Can a Service Provider Change the Price For Service Before a Contract Ends?
A Service Provider Is Unable to Arbitrarily Alter the Pricing of a Service Prior to the Expiry Period of the Applicable Contract.
Understanding When Monthly Service Fees May Change and Be Legally Binding
A business is without the right to alter pricing without a price change mechanism agreed to within the original agreement. Accordingly, per the case of Ramsey v. BCE Inc. operating as Bell Canada, SC-17-00008757 (unreported case of the Toronto Small Claims Court), where a price is established with a customer service representative within a telephone discussion, unless the contractual agreement entered into during that telephone discussion contains an understanding that the pricing may change, any imposing of subsequent changes in pricing are improper and unenforceable.
On November 30 2016, David Ramsey engaged in a telephone discussion with a representative of Bell Canada for the purpose of discussing a Internet and TV package known as Fibe 50. During the discussion, the representative advised that the package was available for one hundred twelve 90/00 ($112.90) dollars for a period of twenty-four (24) months. Subsequently, via changes of pricing issued upon invoices, Bell Canada attempted to alter the agreed upon arrangement.
Basing the case on trite law concepts, meaning principles that are so known and ingrained to legal practitioners that reference may be made without citing precedent cases, Deputy Judge De Lucia stated:
I find that Bell Canada cannot unilaterally insert or impose new terms. Any imposition of new terms without fresh consideration is unenforceable. I also find that that kind of contractual behaviour is high-handed, arbitrary and unacceptable. In particular, terms that speak to price increases, as I’ve stated, there is no fresh consideration for this price change mechanism and I find that to be unenforceable.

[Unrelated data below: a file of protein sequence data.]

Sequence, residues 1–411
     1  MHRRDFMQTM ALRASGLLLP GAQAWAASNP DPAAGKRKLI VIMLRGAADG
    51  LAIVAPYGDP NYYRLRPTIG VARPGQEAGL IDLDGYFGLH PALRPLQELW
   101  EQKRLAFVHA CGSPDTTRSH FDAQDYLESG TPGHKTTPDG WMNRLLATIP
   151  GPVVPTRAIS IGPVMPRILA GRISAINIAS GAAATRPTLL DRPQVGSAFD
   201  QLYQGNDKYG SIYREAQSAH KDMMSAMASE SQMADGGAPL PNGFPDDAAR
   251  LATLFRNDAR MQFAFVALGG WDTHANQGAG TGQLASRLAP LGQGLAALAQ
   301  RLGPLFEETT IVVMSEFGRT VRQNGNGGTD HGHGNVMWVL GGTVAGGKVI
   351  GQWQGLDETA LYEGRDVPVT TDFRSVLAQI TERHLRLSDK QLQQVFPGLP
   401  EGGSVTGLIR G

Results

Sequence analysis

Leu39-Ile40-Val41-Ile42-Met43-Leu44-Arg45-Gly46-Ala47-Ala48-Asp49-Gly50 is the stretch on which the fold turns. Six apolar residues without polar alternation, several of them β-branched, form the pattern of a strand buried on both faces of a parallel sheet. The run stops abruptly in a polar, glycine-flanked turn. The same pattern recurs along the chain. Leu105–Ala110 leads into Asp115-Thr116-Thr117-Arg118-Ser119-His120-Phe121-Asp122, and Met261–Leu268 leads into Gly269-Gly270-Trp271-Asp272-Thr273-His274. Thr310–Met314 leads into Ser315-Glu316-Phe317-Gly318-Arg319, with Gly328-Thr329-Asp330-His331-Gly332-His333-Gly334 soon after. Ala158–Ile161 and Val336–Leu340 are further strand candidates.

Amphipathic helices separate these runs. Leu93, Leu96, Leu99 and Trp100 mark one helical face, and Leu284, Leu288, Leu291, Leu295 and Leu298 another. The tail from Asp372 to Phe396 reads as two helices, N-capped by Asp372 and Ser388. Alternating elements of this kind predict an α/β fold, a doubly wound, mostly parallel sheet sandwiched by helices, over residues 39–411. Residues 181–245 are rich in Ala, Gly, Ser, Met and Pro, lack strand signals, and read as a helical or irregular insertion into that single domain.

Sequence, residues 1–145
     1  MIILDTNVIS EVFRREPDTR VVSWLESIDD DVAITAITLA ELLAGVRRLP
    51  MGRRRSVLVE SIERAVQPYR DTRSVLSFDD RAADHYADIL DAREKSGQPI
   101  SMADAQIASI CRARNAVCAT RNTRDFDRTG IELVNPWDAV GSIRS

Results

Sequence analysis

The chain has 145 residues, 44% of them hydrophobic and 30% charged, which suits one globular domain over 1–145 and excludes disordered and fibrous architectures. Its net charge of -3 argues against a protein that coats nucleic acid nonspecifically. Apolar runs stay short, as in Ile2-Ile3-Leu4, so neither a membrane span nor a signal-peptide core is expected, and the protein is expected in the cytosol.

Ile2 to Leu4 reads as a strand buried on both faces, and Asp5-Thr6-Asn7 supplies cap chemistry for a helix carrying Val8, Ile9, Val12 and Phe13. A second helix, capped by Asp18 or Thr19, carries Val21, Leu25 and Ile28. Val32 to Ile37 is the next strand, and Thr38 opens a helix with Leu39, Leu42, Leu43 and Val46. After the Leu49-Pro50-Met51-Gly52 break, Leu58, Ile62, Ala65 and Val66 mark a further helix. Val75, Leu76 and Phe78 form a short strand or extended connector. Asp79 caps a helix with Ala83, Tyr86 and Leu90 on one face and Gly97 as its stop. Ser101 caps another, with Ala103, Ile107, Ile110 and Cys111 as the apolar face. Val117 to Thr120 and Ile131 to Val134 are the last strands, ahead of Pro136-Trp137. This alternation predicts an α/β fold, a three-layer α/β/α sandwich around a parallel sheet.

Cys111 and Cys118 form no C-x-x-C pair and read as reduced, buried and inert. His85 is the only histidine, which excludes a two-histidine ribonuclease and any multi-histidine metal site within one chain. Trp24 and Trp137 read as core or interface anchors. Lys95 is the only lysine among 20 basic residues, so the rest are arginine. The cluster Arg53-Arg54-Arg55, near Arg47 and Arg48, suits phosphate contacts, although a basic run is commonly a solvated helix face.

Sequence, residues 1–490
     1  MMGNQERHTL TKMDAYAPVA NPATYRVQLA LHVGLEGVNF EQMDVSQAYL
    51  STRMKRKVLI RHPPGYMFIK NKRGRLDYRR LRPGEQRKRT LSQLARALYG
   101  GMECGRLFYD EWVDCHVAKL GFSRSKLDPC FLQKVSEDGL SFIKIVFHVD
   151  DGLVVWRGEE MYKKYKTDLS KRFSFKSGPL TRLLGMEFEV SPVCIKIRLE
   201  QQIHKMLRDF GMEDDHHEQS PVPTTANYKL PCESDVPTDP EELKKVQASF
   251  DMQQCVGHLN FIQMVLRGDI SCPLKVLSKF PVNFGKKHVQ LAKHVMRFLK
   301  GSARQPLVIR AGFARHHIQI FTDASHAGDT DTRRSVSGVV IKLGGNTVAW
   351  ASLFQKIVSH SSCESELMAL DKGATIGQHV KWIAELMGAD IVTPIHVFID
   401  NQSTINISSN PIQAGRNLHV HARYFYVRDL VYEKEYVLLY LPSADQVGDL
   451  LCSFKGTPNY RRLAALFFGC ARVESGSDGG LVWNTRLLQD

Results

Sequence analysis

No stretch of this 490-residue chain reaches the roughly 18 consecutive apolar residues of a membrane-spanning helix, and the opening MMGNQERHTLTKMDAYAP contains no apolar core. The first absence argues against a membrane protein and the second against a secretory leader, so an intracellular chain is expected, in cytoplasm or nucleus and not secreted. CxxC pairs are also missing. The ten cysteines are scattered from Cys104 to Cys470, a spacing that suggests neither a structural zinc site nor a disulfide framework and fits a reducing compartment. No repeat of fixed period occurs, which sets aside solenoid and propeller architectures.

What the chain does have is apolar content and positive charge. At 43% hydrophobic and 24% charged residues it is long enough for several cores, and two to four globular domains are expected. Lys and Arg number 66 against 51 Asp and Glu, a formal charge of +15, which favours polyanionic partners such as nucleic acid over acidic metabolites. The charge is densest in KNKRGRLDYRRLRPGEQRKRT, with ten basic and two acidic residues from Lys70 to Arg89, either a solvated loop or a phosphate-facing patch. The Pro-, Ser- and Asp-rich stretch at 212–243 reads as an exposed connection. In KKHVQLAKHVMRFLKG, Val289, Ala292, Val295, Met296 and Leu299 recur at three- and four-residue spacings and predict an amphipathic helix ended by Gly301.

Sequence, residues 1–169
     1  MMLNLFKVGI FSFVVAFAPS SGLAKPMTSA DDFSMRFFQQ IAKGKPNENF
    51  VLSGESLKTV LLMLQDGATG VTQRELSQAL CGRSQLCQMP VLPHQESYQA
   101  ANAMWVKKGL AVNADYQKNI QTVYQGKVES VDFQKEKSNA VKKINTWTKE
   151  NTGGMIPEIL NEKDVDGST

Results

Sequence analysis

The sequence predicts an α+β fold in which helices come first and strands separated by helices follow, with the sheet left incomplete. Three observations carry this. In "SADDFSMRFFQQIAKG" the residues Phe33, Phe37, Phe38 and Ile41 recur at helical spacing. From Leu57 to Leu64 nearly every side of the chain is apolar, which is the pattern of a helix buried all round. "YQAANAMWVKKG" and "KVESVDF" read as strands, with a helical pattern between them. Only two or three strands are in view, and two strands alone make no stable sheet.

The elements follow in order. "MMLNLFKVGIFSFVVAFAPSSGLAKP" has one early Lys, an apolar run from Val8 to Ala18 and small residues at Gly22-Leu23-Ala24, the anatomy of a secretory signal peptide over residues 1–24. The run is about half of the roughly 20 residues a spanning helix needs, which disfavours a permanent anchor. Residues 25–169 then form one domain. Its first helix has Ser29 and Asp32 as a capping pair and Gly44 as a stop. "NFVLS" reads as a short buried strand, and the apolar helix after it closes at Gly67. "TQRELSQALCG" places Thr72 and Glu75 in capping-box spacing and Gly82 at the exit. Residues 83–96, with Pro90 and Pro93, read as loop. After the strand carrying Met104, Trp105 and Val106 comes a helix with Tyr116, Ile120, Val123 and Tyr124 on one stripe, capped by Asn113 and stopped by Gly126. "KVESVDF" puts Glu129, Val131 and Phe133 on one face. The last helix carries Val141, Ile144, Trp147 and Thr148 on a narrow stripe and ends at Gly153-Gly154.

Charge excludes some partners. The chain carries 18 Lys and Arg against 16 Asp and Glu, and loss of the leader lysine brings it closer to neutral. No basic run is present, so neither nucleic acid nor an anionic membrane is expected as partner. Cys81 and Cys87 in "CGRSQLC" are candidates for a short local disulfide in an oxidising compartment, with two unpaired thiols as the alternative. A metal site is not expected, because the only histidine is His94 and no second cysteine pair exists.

It is true that the court cannot interfere with Bell Canada’s rights to impose price changes. That is its commercial right to do so but not during a contractual term, and the term here was for 24 months at $112.90 per month for TV and internet services and therefore those terms are enforceable. To alter or to change the terms, as Bell has requested, would be grossly unfair, grossly prejudicial to the plaintiff and unconscionable.
Contracts are designed to bring stability to transactions, and in particular a consumer transaction as such as we have here. Bell’s attempt to unilaterally impose terms are unacceptable. I accept the plaintiff’s position that Bell Canada attempted to clarify or to introduce or to bring to the attention of the consumer new terms of the contract through subsequent emails. None of those terms were introduced or brought into the parameters of the transcript of November 30th, 2016. And accordingly, this is not how contract law works and the relevant, as I say, the relevant elements of the contract are found in the transcript of November 30th, 2016.
Accordingly, the case clearly was decided in favour of Mr. Ramsey. Strangely, and as will be unknown to all but Bell Canada and Mr. Ramsey, why this case was unresolved and needed is somewhat perplexing. With such a plain and obvious outcome on legal issues that would be well understood by legal counsel for a company such as Bell Canada, there was likely factors involved that occurred outside the courtroom and kept the matter from settling prior to Trial.
A business is unable to alter an agreed upon pricing arrangement until the end of the agreed term or unless it was agreed that pricing could be changed at a later date. A business, such as Bell Canada in the case of Ramsey v. BCE Inc., may offer service packages where the specific price changes from time-to-time; however, if a price was agreed to, and agreed to for a specific period of time, the price is locked in for that period regardless of whether the common price of that service changes.